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Events

  1. Texas: Small Acreage Farm Equipment Field Day, Cameron, April 30

    April 30 @ 8:00 am - 5:00 pm
  2. Texas: 2 Grain Grading Workshops, Amarillo, May 3-4

    May 3 @ 8:00 am - May 4 @ 5:00 pm
  3. Texas: Spring Field Day, Chillicothe, May 4

    May 4 @ 8:00 am - 5:00 pm
  4. Texas: Annual Concho, McCulloch County Wheat Tour, Millersview, May 5

    May 5 @ 8:00 am - 5:00 pm
  5. Texas: Private Pesticide Applicators Training, Menard, May 5

    May 5 @ 8:00 am - 5:00 pm
  6. Texas: Private Pesticide Applicator Training, San Angelo, May 6

    May 6 @ 8:00 am - 5:00 pm
  7. California: Almond Workshops Scheduled May 10-12

    May 10 @ 8:00 am - May 12 @ 5:00 pm
  8. Kentucky: Wheat Field Day, Princeton, May 10

    May 10 @ 8:00 am - 5:00 pm
  9. Texas: Multi-County Ag Chemical Collection Event, Kenedy, May 11

    May 11 @ 8:00 am - 5:00 pm
  10. Texas: Private Pesticide Applicator Training, Floresville, May 16

    May 16 @ 8:00 am - 5:00 pm
  11. Texas: Ag Forum, Austin, May 16

    May 16 @ 8:00 am - 5:00 pm
  12. Kansas: Wheat In-Depth Diagnostic School, Colby, May 17-18

    May 17 @ 8:00 am - May 18 @ 5:00 pm
  13. North Carolina: Pesticide Disposal Day, Washington, May 18

    May 18 @ 8:00 am - 5:00 pm
  14. Texas: Land, Water, and Wealth Symposium, Lufkin, May 20

    May 20 @ 8:00 am - 5:00 pm
  15. Georgia: Pest Manager Training, Valdosta, May 27

    May 27 @ 8:00 am - 5:00 pm
  16. Tennessee: Weed Tour, Jackson, June 22

    June 22 @ 8:00 am - 5:00 pm
  17. Southern Peanut Growers Conference, Miramar Beach, FL, July 21-23

    July 21 @ 8:00 am - July 23 @ 5:00 pm
  18. Illinois: Agronomy Day, Savoy, August 18

    August 18 @ 8:00 am - 5:00 pm

Nebraska: Don’t Forget the Supply Side of Agricultural Land Markets

Debra Ferguson
By Bruce Johnson, Professor of Agricultural Economics, U. of Nebraska-Lincoln April 28, 2012

In today’s bullish agricultural land markets across the nation’s heartland, it is easy to attribute the climb in values to strong demand on the part of buyers wanting to invest in land to capture good returns of recent years. While true, that may be only half the story underlying the land market dynamics. Just as  “it takes two to tango,” it takes the supply side of the market as well as demand to create the land market dance.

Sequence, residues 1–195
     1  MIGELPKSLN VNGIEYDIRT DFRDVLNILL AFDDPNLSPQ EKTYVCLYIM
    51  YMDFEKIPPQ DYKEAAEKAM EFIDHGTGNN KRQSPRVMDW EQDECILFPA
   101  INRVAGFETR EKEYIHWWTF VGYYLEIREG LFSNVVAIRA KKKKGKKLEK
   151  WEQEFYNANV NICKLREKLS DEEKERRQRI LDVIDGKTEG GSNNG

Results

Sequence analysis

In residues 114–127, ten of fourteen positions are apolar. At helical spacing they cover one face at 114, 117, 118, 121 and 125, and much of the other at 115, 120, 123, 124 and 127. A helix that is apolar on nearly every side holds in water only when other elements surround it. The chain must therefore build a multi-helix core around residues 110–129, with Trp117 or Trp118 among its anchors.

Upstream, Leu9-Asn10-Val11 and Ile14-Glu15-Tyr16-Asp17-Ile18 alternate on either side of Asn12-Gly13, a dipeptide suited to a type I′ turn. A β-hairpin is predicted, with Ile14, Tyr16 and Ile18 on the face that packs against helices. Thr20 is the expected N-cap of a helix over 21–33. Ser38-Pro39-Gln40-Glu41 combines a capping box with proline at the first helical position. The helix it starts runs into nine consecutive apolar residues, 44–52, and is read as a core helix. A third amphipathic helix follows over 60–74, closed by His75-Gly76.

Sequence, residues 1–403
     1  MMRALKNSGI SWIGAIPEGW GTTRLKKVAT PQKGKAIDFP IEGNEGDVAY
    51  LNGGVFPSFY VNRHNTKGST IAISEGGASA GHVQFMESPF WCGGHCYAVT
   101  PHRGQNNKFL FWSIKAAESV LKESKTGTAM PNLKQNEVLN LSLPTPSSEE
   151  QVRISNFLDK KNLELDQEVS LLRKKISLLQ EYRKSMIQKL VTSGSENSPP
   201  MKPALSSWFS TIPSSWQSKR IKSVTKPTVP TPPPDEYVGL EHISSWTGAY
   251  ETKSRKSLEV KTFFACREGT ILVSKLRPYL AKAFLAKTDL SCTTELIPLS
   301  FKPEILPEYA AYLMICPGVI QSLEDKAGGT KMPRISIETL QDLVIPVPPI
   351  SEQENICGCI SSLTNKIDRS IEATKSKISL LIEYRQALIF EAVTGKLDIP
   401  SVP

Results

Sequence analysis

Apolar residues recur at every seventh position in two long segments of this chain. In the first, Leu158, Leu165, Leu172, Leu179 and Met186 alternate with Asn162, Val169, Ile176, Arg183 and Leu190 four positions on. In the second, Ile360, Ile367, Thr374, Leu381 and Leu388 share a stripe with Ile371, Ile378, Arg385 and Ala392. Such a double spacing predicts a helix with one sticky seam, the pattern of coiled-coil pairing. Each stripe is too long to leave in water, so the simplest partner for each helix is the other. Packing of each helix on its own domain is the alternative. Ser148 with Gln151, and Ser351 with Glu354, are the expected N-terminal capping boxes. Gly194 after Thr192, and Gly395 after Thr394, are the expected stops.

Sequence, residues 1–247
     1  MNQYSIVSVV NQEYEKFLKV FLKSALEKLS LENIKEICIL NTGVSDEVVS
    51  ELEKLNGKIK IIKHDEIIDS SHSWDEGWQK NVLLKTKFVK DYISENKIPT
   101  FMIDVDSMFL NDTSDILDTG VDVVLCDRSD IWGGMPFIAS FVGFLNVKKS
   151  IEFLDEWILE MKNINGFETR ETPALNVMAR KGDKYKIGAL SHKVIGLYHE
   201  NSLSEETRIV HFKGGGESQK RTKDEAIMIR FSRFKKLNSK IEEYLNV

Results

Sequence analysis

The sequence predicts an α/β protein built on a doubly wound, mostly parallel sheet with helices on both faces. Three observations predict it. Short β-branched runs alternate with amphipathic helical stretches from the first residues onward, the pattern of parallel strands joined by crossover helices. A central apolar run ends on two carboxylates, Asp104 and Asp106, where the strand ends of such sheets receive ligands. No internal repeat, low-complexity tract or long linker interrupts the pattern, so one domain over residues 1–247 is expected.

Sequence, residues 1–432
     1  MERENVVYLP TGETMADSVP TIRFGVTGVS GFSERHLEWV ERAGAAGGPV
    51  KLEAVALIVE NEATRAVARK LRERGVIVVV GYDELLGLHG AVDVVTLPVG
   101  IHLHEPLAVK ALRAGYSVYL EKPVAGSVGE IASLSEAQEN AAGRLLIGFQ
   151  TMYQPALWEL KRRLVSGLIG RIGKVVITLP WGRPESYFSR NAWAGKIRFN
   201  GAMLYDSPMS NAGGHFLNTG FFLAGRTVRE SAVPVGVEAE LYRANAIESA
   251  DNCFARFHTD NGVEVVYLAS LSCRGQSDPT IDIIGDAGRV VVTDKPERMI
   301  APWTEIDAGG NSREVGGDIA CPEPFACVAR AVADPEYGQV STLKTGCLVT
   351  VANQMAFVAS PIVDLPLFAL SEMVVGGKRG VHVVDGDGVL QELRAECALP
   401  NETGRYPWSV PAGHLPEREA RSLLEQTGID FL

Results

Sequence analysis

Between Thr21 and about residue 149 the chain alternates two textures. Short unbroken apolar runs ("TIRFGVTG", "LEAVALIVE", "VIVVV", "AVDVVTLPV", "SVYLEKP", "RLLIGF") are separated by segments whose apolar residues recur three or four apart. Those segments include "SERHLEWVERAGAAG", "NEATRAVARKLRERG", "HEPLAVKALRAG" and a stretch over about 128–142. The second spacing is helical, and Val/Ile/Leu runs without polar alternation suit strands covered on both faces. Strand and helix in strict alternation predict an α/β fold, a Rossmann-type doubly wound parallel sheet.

We have been following the market for many years, observing the amount of land being offered for sale in any given time period. Historically, the agricultural land market has almost always been a “thin market,” with no more than three to four percent of the land base sold in any given year. That would suggest that the average probability of any typical agricultural land parcel coming onto the market was about once every 25 to 30+ years.

More recently, however, market observers have indicated that the number of offerings for sale are even lower than these historical rates. Apparently, individuals owning land are not as anxious to sell it given the perceived limited rates of return on alternative investments, and the satisfaction of enhanced wealth in recent years from holding ownership to agricultural land.

Using recorded real estate transfer records from the Nebraska Department of Revenue-Property Tax Division, we were able to get an accurate assessment of arms-length agricultural land sales (parcels of at least 40 acres) for each county in the state. Using the volume of acres sold from January 1, 2010 through June 30, 2011, we determined the average monthly sales rate and converted it to an annual average. When divided by total acres in farms for each county (from the most recent 2007 Census of Agriculture) the result is an annual percentage rate of sales turnover (Figure 1 on next page).

        
         

The results are rather surprising. The recent rate of agricultural sales activity for the state is 1.24 percent, far less than half the historical average. And in some counties, particularly some eastern counties where the land value climbs have been the most extreme, the turnover rates fall well below 1% per year. This means that the probability of a particular land parcel being offered for sale now is more like once in a hundred years!   Complete Report from Cornhusker Economics

 

Debra Ferguson
By Bruce Johnson, Professor of Agricultural Economics, U. of Nebraska-Lincoln April 28, 2012